Bring on the big iron! We love it. Bring out that gigantic D-9 Cat hooked to a six-foot long slip plow — an 18-inch wide, swept forward two-ton dagger that we bury in the heart of the earth.
The tracks of the Cat bite into the surface soil, dragging the massive shank through the future root zone of soon to be planted trees. A-three foot eddy of broken soil and clods sometimes as big as boulders churns up around the shank as the soil heaves and fractures. You can feel the vibration 20 feet away. Ah, this is manly work — raw power loosening the tight soil to make it easier for young tree roots to establish and grow.
However, is it absolutely necessary? Common wisdom for more than 60 years has been that a “good” orchard development should have some kind of ripping/deep tillage to a depth of three to six feet prior to planting. For many soils with hardpans and other layered structures this “just makes good sense” when considering the mechanics of root development and water penetration. Some older research under flood irrigation by Gene Begg in the Sacramento Valley found that tree size and yield in walnuts under flood irrigation increased in proportion to the amount of mixing in the top four feet of root zone — with the least benefit given by plain ripping and deep moldboard plowing giving the greatest benefit.
Fast-forward to 1997 and a deep ripping trial in Arbuckle for a new planting of almonds using micro-sprinkler irrigation established by UCCE farm advisor John Edstrom. Even though this soil has a bad hardpan and should benefit from slip plowing, as of the 2004 harvest there has been no real yield difference between treatments. The major difference between this and earlier trials is the micro-irrigation. The high frequency, uniform application of water on a more precise irrigation schedule appears to compensate for the soil moisture advantage that deep tillage provided under flood irrigation.
Typical soils being developed for pistachios in the San Joaquin Valley often have a “graduated” profile that will shift from a clay loam to a fine sandy loam (or vice versa) over the top four feet of the root zone. It is not uncommon to find loose “caliche” layers of high lime (and sometimes gypsum) content or thin layers of silt in this zone on the west side of the valley. Some plow or “disk pans” are occasionally found, but rarely do we encounter the kind of hardpan found in the Arbuckle area. So are we really gaining any benefit from the $150 to $400 per acre that is often spent for deep tillage prior to planting pistachios to be grown on drip irrigation?
A deep tillage trial was established in western Kern County in December 2005 just inside the north edge of the ancient Buena Vista Lake bed where black Buttonwillow Clay is the dominant surface soil type. This ground has been farmed in cotton and wheat rotations for 30 years. Soil salinity throughout the project area runs 1.5 to 5 dS/m and averages about 3.1 dS/m in the test plot area. Irrigation is supplied by a mix of canal and marginally saline well water.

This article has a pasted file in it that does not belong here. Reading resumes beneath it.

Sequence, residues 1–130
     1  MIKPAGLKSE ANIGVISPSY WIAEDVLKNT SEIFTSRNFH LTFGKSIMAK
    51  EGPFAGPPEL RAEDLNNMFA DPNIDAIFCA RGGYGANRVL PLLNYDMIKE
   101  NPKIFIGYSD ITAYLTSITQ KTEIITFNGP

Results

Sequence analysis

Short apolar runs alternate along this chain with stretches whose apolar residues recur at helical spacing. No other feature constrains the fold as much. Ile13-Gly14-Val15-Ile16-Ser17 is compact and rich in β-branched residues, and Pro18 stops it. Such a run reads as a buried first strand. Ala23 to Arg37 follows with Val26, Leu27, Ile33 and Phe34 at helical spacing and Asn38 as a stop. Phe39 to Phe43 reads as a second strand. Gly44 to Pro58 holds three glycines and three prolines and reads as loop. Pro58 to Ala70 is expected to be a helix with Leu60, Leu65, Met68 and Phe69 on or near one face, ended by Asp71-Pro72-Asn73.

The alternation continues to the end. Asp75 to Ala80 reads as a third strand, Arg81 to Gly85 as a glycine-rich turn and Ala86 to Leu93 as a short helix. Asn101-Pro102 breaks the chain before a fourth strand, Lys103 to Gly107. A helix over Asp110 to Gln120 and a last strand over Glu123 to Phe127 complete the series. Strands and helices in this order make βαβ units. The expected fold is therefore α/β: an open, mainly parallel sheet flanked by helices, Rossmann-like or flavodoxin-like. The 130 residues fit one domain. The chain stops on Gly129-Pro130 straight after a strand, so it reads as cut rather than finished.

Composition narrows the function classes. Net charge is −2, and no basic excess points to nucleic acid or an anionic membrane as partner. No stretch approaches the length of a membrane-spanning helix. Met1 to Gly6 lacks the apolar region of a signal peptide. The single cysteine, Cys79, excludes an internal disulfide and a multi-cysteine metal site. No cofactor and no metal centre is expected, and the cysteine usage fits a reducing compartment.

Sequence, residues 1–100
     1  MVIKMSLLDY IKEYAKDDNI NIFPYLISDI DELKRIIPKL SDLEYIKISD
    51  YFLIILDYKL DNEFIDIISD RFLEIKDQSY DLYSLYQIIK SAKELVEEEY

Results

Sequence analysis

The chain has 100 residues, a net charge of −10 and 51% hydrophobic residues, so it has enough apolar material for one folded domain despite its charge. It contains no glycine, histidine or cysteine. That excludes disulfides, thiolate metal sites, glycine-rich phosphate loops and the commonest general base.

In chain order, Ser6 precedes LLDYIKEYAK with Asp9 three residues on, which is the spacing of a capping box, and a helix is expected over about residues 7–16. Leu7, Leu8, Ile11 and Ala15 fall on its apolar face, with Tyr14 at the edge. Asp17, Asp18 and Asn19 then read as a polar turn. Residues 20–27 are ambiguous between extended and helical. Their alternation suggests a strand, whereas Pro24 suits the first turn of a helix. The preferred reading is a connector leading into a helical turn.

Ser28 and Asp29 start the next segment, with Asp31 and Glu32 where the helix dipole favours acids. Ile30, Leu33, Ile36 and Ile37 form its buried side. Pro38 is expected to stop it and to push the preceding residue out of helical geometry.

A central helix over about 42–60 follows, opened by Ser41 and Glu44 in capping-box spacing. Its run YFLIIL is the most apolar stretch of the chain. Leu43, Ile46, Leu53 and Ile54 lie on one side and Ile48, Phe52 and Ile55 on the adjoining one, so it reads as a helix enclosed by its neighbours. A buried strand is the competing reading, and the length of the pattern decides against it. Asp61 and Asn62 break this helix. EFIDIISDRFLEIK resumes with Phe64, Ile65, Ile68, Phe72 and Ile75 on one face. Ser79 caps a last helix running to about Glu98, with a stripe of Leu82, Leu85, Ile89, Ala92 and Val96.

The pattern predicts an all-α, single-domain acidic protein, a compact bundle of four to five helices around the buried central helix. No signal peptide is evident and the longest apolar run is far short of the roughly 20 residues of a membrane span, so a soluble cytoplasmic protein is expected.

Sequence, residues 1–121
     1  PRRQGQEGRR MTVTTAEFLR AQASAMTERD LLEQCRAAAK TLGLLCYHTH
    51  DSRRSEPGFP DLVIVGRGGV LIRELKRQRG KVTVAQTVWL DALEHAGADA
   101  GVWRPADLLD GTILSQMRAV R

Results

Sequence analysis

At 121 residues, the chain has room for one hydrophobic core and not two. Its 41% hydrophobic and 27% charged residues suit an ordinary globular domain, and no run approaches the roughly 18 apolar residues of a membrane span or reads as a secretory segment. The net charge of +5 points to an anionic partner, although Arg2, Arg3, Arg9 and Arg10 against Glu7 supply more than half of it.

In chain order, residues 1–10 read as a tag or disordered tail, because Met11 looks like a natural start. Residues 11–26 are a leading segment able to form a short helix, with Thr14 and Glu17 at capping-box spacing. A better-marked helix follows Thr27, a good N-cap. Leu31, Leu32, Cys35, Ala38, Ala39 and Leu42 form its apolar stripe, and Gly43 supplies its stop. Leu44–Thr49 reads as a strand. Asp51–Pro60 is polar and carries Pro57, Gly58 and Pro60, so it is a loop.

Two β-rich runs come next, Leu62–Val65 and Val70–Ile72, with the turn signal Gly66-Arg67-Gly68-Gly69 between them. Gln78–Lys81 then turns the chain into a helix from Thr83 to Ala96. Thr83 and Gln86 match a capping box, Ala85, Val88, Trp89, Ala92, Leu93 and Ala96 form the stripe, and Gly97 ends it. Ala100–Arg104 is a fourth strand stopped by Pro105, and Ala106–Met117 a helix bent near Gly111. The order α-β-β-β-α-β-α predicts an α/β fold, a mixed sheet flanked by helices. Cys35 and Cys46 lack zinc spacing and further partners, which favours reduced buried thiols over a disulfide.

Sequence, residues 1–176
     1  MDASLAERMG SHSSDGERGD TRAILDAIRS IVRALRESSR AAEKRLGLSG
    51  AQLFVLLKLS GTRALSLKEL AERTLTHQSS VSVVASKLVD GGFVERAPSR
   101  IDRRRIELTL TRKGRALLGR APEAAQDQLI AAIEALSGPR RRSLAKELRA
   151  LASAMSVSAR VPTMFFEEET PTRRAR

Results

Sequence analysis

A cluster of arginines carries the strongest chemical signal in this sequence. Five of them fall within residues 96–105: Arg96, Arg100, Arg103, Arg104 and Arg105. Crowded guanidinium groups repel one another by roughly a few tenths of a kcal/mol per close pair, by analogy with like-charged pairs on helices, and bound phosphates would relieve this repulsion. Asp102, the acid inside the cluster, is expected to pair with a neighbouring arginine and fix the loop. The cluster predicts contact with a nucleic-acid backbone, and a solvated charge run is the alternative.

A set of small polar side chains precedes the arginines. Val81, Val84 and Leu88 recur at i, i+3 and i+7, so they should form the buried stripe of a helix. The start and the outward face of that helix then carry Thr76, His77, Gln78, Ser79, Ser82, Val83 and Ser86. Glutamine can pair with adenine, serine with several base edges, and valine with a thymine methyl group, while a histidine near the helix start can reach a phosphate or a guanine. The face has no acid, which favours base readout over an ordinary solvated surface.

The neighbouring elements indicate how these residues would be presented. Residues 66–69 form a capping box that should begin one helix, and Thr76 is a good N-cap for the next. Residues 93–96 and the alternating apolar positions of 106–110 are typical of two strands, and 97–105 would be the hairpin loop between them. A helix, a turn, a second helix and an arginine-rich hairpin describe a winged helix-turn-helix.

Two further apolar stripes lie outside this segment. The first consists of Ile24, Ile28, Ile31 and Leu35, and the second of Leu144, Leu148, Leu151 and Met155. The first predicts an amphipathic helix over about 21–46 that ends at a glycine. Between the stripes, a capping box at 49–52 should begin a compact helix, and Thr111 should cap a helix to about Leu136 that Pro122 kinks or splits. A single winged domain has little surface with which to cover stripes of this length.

The soil profile of the test plot is typical of the whole project area: Buttonwillow clay (0-2 feet) overlaying a Garces/Lethent clay loam (2-4 to 6 feet) with a weak caliche layer about 6 to 10 inches thick around the 3 foot depth. A Kimberlina coarse to fine sandy loam underlays the entire area at a depth of 5 to 7 feet.
Five tillage treatments ranged from disking only, 3-foot cotton chisels, single-pass slip plow to 50 inches, triple-pass slip plow and full backhoe to a 7-foot depth were installed in replicated blocks. A two-foot band of sulfur was applied over the tree row at the rate of 15 tons per acre and incorporated to a depth of about two feet. All trees were planted in a standard 12-inch wide by 2-foot deep hole dug by a 3-point auger.
UCB rootstock was planted March 2006 and flood irrigated this first year as the grower was unable to capitalize the drip system until December 2006.
A total of one pre-irrigation and three in-season irrigations were sufficient to supply trees with adequate moisture in this heavy black clay. As of Nov. 9, 2006, root stock circumference averaged 4.76 cm for deep tillage treatments and 4.28 cm for no tillage and chisels. Tree height (whether Kerman scion or UCB shoot) averaged 94.9 and 85.5 cm for the same treatments. These differences are not obvious to the eye as you walk through the trial area and are very small in terms of overall tree size. However, they represent a statistically significant deep tillage increase in first year growth of 18 percent increased trunk caliper and 11 percent increase in tree height compared to no deep tillage.
There were no nutrient differences in leaf tissues. Trees will be drip irrigated starting this season.
Many more years of observation will be required to determine if this first year difference translates into long-term yield gains. A $300 per acre investment over a 30-year orchard life at 6 percent interest is eventually worth $1,723 per acre. That's $300,000 cash for a 1,000 acre development with an eventual investment cost of $1.7 million.
Of course, at $2 per pound for split nuts this is only 862 pounds per acre pistachios, basically 50 pounds per acre for 20 years to pay for the tillage.
We all pay for insurance, and preplant deep tillage may fall into that category. No one thinks they'll die tomorrow, but once you're “planted” it's too late to buy life insurance!